In the past, other professions, not similar in scope to human nurses, have attempted to claim a “nursing” title. For example, a Christian medical community attempted to title their “spiritual healers” as “nurses”; however, they did not share nearly the same amount of education rigor. When confronted with a potential title change in the veterinary profession, human nurses mistakenly worry that the term “veterinary nurse” will also encompass veterinary assistants. This confusion highlights the need for public awareness of technicians – if the closest human counter-part profession does not understand a technician’s role or certification, how can we expect the general public to know any differently? The veterinary profession must raise awareness to the public about the differences between its assistants and technicians.

Currently, as the veterinary nurse initiative gains a foothold in Ohio, the Ohio Nurses Association and its 170,000 members have fought its new legislation, arguing that the state legally defines the term “nurse” as caring for humans and that no other person or profession may insinuate that they practice as a nurse. With similar nurse title protection in about 24 other states, the veterinary nurse initiative is likely in for its fair share of conflict as it continues to grow.

The debate over the title of veterinary technicians remains controversial both in and outside of the veterinary community. As with any impending change, it is important to recognize its potential benefits and shortcomings in order to formulate the best strategy to improve the profession. If the Veterinary Nurse Initiative ends up being successful, the change will likely empower today’s veterinary technicians and reduce the profession’s current high turnover rates.

 

Effective Change Management Strategies

Originally Published in Today’s Veterinary Business, August 2018

Although plenty of businesses talk about change, and although many of them devote significant  time to change management, too many efforts are still failing. An article in HR Magazine titled “Why Change Efforts Fail” analyzes why this is happening and offers suggestions to help make your next change management strategies take root.

The article cites a new study by Prosci that shares how 86 percent of 1,778 change leaders expect change initiatives to continue to increase over the next two years, with 55 percent expecting them to significantly increase. But, a spokesperson cautions, 73 percent of them also shared how their organizations are either approaching, at, or past change saturation, reaching the point where it’s difficult to absorb any more changes.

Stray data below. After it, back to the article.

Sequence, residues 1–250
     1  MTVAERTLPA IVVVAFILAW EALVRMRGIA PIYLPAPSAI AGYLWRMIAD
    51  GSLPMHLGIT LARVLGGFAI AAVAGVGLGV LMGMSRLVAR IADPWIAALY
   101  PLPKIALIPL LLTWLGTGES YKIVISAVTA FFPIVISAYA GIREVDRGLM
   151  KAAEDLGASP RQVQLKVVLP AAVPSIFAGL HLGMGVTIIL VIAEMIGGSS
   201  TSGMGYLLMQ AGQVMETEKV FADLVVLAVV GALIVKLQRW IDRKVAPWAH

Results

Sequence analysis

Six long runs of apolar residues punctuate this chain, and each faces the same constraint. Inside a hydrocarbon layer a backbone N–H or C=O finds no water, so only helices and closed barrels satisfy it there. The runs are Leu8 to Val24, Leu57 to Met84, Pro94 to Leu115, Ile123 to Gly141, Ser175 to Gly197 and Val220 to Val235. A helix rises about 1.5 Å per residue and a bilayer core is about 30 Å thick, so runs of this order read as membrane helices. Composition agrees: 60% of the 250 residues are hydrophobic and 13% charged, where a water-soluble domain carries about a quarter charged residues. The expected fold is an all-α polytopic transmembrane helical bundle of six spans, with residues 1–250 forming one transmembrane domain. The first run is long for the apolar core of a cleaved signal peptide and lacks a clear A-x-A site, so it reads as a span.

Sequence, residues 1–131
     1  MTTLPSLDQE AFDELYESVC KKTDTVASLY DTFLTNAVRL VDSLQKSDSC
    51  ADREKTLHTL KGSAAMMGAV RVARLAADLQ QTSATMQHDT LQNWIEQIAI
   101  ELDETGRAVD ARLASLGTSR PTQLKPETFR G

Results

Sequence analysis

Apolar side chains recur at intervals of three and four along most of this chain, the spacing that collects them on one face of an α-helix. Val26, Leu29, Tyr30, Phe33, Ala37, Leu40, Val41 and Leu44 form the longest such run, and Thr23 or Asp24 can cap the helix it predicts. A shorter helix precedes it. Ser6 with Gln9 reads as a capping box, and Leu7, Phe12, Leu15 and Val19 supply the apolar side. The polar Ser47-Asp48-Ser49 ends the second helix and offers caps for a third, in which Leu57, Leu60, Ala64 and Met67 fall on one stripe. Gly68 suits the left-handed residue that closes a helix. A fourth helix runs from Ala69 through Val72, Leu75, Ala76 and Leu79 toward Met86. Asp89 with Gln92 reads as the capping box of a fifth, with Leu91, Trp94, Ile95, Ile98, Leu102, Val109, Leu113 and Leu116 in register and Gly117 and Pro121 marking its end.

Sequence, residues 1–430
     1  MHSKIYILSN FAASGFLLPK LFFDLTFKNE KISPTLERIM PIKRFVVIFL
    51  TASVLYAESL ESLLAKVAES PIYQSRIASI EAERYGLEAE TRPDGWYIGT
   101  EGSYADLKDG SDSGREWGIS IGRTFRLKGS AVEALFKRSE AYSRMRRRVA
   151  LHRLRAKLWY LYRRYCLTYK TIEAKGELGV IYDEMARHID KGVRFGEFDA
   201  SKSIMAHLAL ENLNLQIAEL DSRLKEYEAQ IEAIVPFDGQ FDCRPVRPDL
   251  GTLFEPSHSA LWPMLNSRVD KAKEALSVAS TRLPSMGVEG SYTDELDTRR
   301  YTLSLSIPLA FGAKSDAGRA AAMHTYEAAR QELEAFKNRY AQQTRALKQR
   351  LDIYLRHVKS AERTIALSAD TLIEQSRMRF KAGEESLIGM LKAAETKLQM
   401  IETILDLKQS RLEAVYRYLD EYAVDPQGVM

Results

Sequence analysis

Tips to help prevent change initiatives from failing in this age of saturation include remaining visible and active throughout the entire process. Sponsors of the changes can’t abdicate responsibility if they want them to succeed. And, while it’s important to communicate the nuts and bolts of proposed changes, it’s also crucial to discuss adjustments that will need made and otherwise work through the emotional components of change. This will help to reduce resistance.

Share the rationale behind the changes because, when people hear why something is happening, it’s easier for them to adjust. And, be sure to model the behavior you expect from your team. If, for example, you want more collaboration to take place among team members, demonstrate that yourself first.

In 2018, one-way, top-down communication isn’t typically effective. So, communicate changes to your team as early in the process as possible, provide time for discussion, and don’t try to do too much at once. Prioritize initatives to help prevent saturation.

A July 2017 article in Forbes, titled “1 Reason Why Most Change Management Efforts Fail,” echoes the dangers of saturation, calling it “change battle fatigue.” Citing a McKinsey and Company study that shares how 70 percent of all transformations fail (with that percentage believed to be increasing), the article details how and why battle fatigue can set in. They include past failures that plague employees’ memories (“Oh, no! Not THIS again!) and the impact of sacrifices made through an “arduous” process. Discouragement further weighs down the process and, when transformation is poorly led, efforts are even more likely to derail.

When workplaces go through significant changes, employees can become fearful, especially when past attempts at transformation failed and perhaps led to layoffs or other negative consequences. When people are worried about their careers, they aren’t as open to learning or able to think as well. So, the article points out, right when management needs the team to be at their best, they are distracted, less productive and unable to focus as effectively.

Suggestions to break this cycle include the identification of early successes, and taking time to celebrate them, as well as ensuring that the vision continues to be supported. And, to effectively identify and then celebrate early wins, milestones and timelines need to be clearly defined. When a milestone is met, people responsible for this success must be acknowledged from the top. This will help to validate the transformation vision, keep the team energized, and spur the momentum on even further. Plus, careful monitoring of early milestones will highlight if and when the plan needs to be adjusted, and how.